I would suggest that the role of the Western in the myth of America is hardly played out — it's just been ambushed on the trail.  And like any cowboy hero worth his salt, it will get back up on its feet eventually and do what needs to be done.


Bob Dylan’s song “Red River Shore”, from the compilation album Tell Tale Signs, has no direct precedents that I know of, but it references a couple of older cowboy songs.  The first is “Red River Valley”, a standard from the second half of the 19th Century:

From this valley they say you are going.
We will miss your bright eyes and sweet smile,
For they say you are taking the sunshine
That has brightened our pathway a while.

So come sit by my side if you love me.
Do not hasten to bid me adieu.
Just remember the Red River Valley,
And the one that has loved you so true.

The last line is often rendered as “And the cowboy that loved you so true”.

This song in turn was probably influenced by (or possibly influenced) another cowboy song, based on an old English ballad, “The Girl From the Red River Shore”, whose title is a recurring phrase in Dylan’s song.

Both are songs about loss — the second describes a cowboy who gets into a fight while riding to marry a girl from the Red River shore.  Her father, who disapproves of the marriage, has ridden out to meet him with a cohort of gunmen — the cowboy kills several of them and now can never go back to claim his love.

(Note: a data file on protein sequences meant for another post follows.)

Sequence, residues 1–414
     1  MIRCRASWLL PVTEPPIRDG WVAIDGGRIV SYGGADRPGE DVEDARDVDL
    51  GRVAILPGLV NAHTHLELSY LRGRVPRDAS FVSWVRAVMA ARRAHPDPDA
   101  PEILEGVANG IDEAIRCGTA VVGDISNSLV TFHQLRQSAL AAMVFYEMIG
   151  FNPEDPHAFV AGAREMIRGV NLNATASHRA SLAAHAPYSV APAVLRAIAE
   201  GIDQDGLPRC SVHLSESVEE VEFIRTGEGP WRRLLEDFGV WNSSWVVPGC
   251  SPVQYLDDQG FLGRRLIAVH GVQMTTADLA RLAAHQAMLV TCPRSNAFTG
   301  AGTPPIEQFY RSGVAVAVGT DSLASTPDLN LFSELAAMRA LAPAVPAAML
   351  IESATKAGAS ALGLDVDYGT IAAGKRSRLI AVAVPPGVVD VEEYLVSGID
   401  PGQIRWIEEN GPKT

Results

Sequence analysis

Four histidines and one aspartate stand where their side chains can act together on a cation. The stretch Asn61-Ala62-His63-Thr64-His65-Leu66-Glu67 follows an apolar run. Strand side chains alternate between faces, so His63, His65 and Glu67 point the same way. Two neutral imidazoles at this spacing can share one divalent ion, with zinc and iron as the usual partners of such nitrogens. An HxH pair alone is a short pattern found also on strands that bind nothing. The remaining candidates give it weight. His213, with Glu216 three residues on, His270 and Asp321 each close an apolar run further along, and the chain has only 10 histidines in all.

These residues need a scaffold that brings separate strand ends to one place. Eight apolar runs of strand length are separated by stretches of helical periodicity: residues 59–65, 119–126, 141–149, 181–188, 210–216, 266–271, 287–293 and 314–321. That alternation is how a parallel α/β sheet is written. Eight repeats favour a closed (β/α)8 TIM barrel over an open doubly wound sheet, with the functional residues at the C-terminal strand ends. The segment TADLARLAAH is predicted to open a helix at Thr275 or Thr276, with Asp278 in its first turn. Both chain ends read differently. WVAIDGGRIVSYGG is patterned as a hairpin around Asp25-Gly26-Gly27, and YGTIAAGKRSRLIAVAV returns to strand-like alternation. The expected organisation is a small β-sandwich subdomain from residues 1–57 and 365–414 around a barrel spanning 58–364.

I don’t know how old this second song is — an arrangement of it was copyrighted and recorded by the Kingston Trio in the Sixties but its words have a 19th-Century feel.  I also don’t know why the Red River became associated with lost love . . . it was probably just an accident, although “Red River” does suggest the coursing of the blood, the beating of the heart.

Dylan’s song was recorded during the sessions for Time Out Of Mind but left off that album for some reason.  Curiously, it influenced a song on a later album, Modern Times, “Nettie Moore”.  The title and the first two lines of the chorus of that song were taken from an 1857 song called “Gentle Nettie Moore”, which is about a man’s longing for a young girl who has gone off somewhere else.  The older song references good times past, including boating on a river, and Dylan adds a river to the chorus of his song, after the quoted lines:

Oh, I miss you Nettie Moore